from Women and Foreign Policy Program and Women Around the World

Women Around the World: This Week

Romania's prime minister designate Viorica Dancila talks to media representatives in Bucharest, Romania, January 16, 2018. Inquam Photos/George Calin

Welcome to “Women Around the World: This Week,” a series that highlights noteworthy news related to women and U.S. foreign policy. This week’s post, covering January 17 to January 26, was compiled with support from Becky Allen, Alexandra Bro, and Anne Connell.

January 26, 2018

Romania's prime minister designate Viorica Dancila talks to media representatives in Bucharest, Romania, January 16, 2018. Inquam Photos/George Calin
Blog Post

Romania appoints first female prime minister

Last week, Viorica Dancila was nominated to become Romania’s first-ever female prime minister. She was put forward by President Klaus Iohannis following the resignation of Mihai Tudose, who lost the support of the governing Social Democratic Party (PSD) amidst scandal. Dancila will become Romania’s third leader within seven months, taking the helm of a government beset by political infighting and still grappling with the effects of the largest protests since the fall of communist rule. Romania, which put forward its candidacy for OECD membership last year, would place among the worst-performing OECD nations with respect to female parliamentary representation should it be admitted, with women comprising only 14 percent of parliament.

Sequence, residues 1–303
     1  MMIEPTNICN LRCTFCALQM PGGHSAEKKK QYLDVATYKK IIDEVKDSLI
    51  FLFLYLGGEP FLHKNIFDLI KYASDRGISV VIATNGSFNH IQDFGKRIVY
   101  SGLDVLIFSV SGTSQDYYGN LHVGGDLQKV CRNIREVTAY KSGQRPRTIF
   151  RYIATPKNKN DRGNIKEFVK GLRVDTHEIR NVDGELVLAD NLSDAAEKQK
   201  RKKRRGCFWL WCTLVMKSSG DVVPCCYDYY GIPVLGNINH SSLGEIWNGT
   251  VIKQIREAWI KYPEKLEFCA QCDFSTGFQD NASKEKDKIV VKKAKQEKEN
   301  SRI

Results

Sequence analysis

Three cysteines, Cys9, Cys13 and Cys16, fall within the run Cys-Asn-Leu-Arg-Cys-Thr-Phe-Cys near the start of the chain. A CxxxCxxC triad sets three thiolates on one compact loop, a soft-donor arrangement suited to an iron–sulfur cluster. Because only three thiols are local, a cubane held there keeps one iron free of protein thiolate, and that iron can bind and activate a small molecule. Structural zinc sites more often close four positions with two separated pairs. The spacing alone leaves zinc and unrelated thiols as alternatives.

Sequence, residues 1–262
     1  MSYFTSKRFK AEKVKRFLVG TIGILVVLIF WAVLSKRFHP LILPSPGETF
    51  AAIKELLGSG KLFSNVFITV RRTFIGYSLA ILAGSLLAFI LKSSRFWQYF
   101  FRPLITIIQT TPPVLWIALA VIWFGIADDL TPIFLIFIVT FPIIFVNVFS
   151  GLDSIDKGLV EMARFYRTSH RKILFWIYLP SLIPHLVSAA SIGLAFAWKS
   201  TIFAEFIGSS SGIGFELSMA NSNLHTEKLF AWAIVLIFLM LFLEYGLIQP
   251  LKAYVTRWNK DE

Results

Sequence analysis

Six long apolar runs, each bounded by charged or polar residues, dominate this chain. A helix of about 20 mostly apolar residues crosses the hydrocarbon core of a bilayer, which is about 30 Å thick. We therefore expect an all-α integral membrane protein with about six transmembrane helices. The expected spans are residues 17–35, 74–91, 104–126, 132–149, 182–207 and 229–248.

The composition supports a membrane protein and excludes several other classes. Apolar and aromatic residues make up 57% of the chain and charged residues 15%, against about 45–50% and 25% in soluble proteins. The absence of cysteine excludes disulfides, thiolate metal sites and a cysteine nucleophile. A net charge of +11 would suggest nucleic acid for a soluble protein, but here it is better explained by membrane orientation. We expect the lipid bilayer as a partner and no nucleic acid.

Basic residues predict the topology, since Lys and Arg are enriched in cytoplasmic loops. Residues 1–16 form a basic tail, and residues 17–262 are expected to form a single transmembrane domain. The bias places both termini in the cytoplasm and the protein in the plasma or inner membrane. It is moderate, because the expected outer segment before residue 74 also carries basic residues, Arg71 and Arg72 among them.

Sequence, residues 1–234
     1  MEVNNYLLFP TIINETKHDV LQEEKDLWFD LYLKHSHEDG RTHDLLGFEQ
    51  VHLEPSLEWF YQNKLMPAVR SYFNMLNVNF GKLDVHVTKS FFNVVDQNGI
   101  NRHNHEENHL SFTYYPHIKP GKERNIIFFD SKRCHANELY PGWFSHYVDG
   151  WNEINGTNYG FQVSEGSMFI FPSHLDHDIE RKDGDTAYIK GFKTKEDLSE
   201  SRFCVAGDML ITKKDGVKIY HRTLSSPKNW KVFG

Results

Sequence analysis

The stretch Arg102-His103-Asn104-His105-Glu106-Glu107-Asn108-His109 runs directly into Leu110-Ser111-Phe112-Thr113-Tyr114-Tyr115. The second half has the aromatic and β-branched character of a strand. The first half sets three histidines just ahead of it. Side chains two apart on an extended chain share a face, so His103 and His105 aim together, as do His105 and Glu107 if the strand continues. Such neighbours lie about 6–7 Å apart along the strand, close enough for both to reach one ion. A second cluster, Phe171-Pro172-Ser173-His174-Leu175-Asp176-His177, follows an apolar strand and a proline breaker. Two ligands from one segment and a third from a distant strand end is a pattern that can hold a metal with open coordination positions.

Mexico reports increase in femicide

On Sunday, Mexican authorities released the country’s homicide tally for 2017, reporting a staggering 72 percent rise in murders of women. At least 2,585 women and girls were killed in 2017 alone, with the state classifying nearly 100 cases as femicides, or killings carried out solely because the victim was female, the majority of which involve sexual assault. The homicide report follows an October analysis classifying Mexico City as the fourth most dangerous city for women in the world. Thousands of marchers have taken to the streets to raise awareness about the pervasive problem of gender-based violence, which was voiced as a top concern by marchers in demonstrations across Mexico to commemorate the one-year anniversary of the historic 2017 Women’s March and call attention to the #MeToo and #NiUnaMas campaigns.

Gender equality in Davos

More on:

Women and Women's Rights

Sexual Violence

Economics

Women and Economic Growth

Women's Political Leadership

For the first time in the four-decade history of the World Economic Forum (WEF)’s Annual Meeting in Davos, Switzerland, the co-chairs of the gathering, chosen to reflect global stakeholders, are female. In addition, gender equality was on the official agenda, with two sessions devoted exclusively to addressing sexual harassment in the workplace. Many global leaders attending the Swiss annual summit used the platform to call for greater attention to women’s labor force participation and fair pay, mostly notably Canadian Prime Minister Justin Trudeau, who cited research showing that gender parity could boost global GDP by $2.5 trillion. The focus on gender equality at Davos represents a break from previous years, which drew criticism for a lack of female representation, this year still at only 21 percent of attendees.

More on:

Women and Women's Rights

Sexual Violence

Economics

Women and Economic Growth

Women's Political Leadership

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